Good morning, everybody. I’m delighted to welcome you to the second annual Global Partnerships Week. Obviously today and this week, you’ll see a beehive of activity around the Department with many companies and non-profit organizations represented for our kick-off event. It’s a remarkable gathering, and I particularly want to thank USAID, Concordia, and my terrific team at the Office of Global Partnerships for their leadership in this effort. I’m also grateful to the United Nations Foundation, Devex Impact, and Dot-co for supporting today’s important event.
I think we all agree that, in our era, partnerships between the public and private sectors are essential to meet global challenges, from building peace to ensuring food security to ending extreme poverty – name the struggle. No single government – however powerful – can find and implement definitive solutions on its own. We need to combine strengths with the private sector and with civil society – which is exactly why Global Partnerships Week is critical to the diplomatic and developmental agenda we’re elevating here at the State Department.
I’ve seen firsthand how our public-private partnerships are driving change and creating real value. Together, we’re empowering the next generation of African leaders through the Mandela Washington Fellowship Crowdfunding Campaign. We’re promoting entrepreneurship and innovation in Africa and Southeast Asia through our LIONS AFRICA and TIGERS AT MEKONG partnerships. We’re tearing down barriers to affordable internet access through the Alliance for Affordable Internet. We’re reducing methane emissions through our Climate and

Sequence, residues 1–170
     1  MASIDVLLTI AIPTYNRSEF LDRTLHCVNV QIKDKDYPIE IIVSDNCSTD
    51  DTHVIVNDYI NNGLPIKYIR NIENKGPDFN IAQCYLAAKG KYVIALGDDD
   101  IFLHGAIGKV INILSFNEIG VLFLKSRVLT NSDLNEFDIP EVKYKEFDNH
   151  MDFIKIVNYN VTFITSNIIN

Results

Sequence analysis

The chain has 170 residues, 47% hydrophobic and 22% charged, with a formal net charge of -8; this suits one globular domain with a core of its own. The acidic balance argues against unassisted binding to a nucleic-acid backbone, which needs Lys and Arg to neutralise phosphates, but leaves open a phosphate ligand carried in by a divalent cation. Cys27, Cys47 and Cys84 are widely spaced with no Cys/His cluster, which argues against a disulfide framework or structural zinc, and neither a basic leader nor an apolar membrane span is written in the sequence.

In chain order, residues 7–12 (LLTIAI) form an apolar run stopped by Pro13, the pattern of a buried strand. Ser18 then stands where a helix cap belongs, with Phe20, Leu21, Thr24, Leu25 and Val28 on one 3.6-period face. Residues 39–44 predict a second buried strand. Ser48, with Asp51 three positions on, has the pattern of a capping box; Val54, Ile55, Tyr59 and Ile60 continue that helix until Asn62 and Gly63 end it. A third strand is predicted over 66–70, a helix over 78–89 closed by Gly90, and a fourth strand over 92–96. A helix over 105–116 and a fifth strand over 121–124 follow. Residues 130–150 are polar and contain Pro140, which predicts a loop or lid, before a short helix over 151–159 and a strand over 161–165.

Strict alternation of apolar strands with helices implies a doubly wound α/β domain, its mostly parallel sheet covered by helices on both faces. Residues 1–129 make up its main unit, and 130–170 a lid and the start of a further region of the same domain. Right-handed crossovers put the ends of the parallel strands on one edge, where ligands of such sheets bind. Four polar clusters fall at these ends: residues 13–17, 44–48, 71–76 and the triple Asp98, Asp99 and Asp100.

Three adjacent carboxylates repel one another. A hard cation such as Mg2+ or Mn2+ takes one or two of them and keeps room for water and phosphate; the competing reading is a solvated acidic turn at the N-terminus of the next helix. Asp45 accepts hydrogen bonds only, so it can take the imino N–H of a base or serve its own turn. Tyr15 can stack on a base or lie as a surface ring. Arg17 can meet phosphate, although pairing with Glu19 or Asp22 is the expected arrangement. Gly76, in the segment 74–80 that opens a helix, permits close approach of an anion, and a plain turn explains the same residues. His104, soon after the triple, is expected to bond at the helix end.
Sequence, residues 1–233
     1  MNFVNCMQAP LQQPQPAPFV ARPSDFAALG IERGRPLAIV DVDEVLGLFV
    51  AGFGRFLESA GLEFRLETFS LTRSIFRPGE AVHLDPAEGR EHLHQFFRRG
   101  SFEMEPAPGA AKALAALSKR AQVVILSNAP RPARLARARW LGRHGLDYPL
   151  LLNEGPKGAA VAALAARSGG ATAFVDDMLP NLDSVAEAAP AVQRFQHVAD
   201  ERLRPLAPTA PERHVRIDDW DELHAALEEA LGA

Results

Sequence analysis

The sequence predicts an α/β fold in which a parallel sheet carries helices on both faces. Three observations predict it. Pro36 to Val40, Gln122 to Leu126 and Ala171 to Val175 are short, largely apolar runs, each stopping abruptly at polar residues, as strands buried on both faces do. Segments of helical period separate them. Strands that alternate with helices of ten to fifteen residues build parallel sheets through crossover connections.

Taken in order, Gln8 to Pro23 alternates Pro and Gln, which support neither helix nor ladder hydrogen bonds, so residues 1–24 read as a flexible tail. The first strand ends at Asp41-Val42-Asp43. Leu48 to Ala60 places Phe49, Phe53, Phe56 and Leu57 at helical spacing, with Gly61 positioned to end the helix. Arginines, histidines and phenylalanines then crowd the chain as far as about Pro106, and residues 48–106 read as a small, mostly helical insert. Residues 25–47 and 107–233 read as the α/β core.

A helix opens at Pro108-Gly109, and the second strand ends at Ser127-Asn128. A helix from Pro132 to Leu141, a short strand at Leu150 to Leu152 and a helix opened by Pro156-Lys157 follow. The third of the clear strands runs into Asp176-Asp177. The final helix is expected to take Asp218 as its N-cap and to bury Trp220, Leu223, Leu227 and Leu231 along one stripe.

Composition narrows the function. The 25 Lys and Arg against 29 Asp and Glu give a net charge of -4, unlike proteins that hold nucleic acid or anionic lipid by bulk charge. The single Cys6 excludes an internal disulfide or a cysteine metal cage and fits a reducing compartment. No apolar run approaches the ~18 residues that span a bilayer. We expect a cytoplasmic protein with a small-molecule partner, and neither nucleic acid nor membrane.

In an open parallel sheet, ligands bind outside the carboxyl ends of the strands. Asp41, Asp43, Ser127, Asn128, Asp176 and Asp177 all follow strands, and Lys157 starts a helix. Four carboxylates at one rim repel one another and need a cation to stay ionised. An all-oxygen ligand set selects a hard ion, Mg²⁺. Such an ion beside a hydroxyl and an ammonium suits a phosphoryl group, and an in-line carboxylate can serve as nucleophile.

Clean Air Partnership. And we’re working with the Global Fund to take the fight to AIDS, TB, and Malaria.
Our partnerships agenda is the living definition of how we do business in the world today. We make progress by coming together – across every border of nation, sector, culture, and background – to take on and solve hard problems. That’s the same spirit we have seen over the past year in the fight to prevent the spread of Ebola, the Coalition to defeat ISIL, the diplomatic initiative to address Iran’s nuclear program, and our ongoing effort to forge a consensus on the post-2015 Millennium Development goals. We move forward when we work together, when we innovate and experiment, when we share ideas and build trust, when we bring out the best in one another and hold each other accountable. That’s what makes partnerships work – and when partnerships work, we all win.
Senator Jim Sasser of Tennessee told me when I was a freshman Senator, “If you see a turtle on a fencepost, you know he didn’t get there on his own.” None of us here get anywhere on our own. And the best ideas are never bound by borders. There’s no business sector over here and government over there. We’re all connected, and it’s critical that we work together. Not as an option we can take or leave, but as a mandate. We simply cannot afford to answer the question of why we do things a certain way by saying that is how it has always been done.
So – please – take advantage of this week. Make new connections. Debate new ideas. Don’t be afraid to take a few risks. The work we do together couldn’t be more critical – for our country or for the world. So let’s get out there and make the kind of difference that will benefit us all. Thank you.